As you may recall, there are currently 45 state bills pending to modify noncompete law across 21 states — as well as two new federal bills, President Biden’s plan to limit the use of noncompetes, and the FTC’s consideration of regulatory limitations.
In this series, we are providing details on all 45 bills (and any new ones that are filed) — and we will be simultaneously updating our Changing Trade Secrets | Noncompete Laws page. Note that the summaries are (sort-of) color coded for the nature of the bill (ban, modification or establishment of standards, reversal of prior changes) and the groups for whom it creates exceptions or specific limitations (medical, low-wage workers, others).
Up today: Iowa.
Iowa has the following two pending bills:
- Senate Study Bill 1031 Amendment (A bill for an Act concerning the circumstances under which employers can enter into noncompete agreements with employees and including applicability provisions): Introduced on January 12, 2021, the bill would impose certain notice requirements, limit the restricted term of noncompetes (defined to exclude nonsolicits, no-recruits, and NDAs) to 18 months, establish a wage threshold (of $41,600) for the use of noncompetes, and prohibit the use of noncompetes for apprentices and student interns or against people whose employment is terminated without cause, and would prohibit anti-poaching restrictions within franchises. Specifically, the bill, which would apply only to agreements signed after the bill’s effective date, would:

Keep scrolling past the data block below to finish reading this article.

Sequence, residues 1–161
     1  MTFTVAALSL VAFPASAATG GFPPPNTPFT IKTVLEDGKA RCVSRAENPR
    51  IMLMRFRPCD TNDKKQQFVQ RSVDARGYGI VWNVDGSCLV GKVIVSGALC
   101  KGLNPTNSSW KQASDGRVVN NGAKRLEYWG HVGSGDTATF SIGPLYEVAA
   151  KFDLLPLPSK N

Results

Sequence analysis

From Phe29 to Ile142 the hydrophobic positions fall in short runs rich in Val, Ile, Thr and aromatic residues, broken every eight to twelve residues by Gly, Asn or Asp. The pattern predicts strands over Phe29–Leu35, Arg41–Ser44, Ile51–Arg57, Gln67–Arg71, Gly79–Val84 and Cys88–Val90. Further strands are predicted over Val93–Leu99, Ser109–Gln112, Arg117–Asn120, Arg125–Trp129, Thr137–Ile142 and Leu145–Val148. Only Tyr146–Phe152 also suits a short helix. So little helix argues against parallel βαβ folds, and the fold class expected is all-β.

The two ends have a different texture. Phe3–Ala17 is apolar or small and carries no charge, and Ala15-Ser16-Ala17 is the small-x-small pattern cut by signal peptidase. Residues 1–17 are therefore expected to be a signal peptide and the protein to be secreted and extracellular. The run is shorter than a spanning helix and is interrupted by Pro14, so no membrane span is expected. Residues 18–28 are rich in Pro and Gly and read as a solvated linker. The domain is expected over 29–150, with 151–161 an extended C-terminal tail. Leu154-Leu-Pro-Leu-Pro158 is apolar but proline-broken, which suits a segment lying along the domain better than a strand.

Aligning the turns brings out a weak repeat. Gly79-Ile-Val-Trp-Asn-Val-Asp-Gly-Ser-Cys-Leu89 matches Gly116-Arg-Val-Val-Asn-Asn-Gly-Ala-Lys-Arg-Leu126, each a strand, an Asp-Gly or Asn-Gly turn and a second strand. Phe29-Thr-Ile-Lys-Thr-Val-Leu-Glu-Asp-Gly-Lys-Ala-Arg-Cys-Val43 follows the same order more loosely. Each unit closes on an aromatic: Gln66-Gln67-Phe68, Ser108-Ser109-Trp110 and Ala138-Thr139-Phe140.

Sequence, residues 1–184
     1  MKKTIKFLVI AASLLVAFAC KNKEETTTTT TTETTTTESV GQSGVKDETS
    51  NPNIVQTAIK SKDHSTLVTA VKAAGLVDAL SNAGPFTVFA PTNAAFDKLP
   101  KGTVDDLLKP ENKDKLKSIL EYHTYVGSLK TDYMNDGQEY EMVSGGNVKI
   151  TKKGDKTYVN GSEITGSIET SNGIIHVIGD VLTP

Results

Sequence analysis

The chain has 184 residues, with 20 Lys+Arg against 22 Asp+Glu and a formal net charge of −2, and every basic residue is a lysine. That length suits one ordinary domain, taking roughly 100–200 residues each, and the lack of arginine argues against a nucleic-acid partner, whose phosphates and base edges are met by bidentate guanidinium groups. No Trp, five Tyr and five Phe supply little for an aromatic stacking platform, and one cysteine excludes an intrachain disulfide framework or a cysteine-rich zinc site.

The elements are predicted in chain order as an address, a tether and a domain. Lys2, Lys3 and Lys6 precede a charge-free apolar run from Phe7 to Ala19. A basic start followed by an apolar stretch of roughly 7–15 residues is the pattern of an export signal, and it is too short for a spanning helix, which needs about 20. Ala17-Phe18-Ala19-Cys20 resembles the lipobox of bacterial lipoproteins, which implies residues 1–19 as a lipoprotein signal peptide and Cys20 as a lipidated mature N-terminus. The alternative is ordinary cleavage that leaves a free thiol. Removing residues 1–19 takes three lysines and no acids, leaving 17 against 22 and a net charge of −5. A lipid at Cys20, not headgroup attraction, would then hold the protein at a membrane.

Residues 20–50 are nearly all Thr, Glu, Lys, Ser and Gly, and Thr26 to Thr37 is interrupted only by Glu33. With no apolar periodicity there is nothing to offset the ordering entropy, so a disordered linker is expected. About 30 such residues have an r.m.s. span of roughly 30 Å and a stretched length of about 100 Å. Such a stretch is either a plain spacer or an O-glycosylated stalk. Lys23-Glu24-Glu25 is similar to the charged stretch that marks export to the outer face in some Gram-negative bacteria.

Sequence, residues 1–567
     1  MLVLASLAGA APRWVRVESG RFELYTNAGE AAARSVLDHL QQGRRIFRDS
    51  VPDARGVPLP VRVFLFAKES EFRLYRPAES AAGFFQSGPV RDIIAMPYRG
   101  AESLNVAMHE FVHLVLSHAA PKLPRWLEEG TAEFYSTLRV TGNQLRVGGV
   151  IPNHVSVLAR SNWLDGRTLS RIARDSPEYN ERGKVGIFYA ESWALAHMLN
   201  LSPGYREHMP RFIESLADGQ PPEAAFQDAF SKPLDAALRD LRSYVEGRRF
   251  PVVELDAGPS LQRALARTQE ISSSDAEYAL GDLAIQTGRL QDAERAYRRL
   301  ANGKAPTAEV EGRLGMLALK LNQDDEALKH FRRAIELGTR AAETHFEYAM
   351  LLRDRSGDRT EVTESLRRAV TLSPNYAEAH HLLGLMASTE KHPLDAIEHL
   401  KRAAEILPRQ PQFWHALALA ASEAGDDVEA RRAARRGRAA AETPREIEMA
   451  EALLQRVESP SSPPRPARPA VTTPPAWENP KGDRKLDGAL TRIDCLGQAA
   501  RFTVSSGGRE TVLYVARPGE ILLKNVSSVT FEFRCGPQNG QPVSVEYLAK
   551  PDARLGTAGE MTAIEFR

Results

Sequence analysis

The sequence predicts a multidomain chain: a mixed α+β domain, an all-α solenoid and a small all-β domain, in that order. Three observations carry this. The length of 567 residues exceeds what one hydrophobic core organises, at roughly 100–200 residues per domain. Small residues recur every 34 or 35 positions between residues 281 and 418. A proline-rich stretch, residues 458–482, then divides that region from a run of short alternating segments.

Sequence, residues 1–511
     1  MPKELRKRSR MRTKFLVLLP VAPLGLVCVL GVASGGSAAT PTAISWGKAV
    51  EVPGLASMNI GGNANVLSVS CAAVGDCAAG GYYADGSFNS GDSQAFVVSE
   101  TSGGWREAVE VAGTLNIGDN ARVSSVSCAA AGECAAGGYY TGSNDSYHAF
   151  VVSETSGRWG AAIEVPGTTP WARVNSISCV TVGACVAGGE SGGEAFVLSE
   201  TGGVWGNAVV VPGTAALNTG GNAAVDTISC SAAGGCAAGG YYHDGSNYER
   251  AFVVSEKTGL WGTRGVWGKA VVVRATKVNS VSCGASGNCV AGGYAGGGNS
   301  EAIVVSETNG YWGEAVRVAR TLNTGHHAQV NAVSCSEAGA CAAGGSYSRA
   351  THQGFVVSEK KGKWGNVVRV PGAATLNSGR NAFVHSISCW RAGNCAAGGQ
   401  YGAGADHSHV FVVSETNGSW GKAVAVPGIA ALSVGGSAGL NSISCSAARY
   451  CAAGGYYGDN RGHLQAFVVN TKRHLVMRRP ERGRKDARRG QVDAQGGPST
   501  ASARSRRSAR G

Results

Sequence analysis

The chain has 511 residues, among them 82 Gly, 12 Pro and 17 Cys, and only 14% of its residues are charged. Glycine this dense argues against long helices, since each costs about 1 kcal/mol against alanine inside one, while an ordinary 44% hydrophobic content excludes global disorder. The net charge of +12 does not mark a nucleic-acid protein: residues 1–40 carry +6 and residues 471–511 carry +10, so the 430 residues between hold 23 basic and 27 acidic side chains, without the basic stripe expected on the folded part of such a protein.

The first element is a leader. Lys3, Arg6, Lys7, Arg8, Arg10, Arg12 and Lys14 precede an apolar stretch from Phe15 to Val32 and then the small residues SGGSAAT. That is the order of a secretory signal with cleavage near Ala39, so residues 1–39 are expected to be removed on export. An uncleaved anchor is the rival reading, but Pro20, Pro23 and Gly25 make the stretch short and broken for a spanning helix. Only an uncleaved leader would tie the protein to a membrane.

- Require advance notice in writing — before making the offer — that a job or promotion is contingent on a noncompete (if it is).
- Require that the employer — before making the offer — provide a copy of any noncompete to the employee.
- Require similar notice and the provision of a copy when an employee is required to sign a noncompete “to continue employment . . . after a substantial change in circumstances of the employer” (e.g., a sale of all or substantially all of the assets, significant financing, or other significant “business arrangement with another person”).
- Ban noncompetes for workers who do not receive annualized earnings (separately defined) of more than $41,600.
- Ban enforcement of noncompetes for workers whose employment is terminated “not for good cause.”
- Limit the restricted period of a noncompete to 18 months.
- Ban noncompetes for “employee[s] participating in a program registered with the United States department of labor, office of apprenticeship.”
- Ban noncompetes for undergraduate and graduate students working as interns or “in other short-term employment.”
- Ban the use of no-recruit and no-hire agreements for franchises.
The bill is pending before the Senate Labor and Business Relations Committee.
- Senate Bill 496 (replacing Senate Study Bill 1147) (A bill for an act prohibiting employers from entering into noncompete agreements with low-wage employees): Introduced on March 1, 2021, the bill would ban noncompetes (defined to exclude nonsolicits, no-recruits, and NDAs) for low-wage workers (i.e., an hourly worker earning no more than $14.50/hour). Specifically, the bill, which would apply only to noncompetes signed after the bill’s effective date, would:
- Define “low-wage employee” as someone “who earns an hourly wage that is less than or equal to fourteen dollars and fifty cents.”
- Prohibit an employer from asking a low-wage employee to agree to a noncompete.
- Ban noncompetes for low-wage employees.
Next up: Kentucky.
And, remember, if you want to see a summary of the current noncompete law in any state (and D.C.), please refer to our 50-state noncompete chart, which is updated on a continual basis, as the laws change.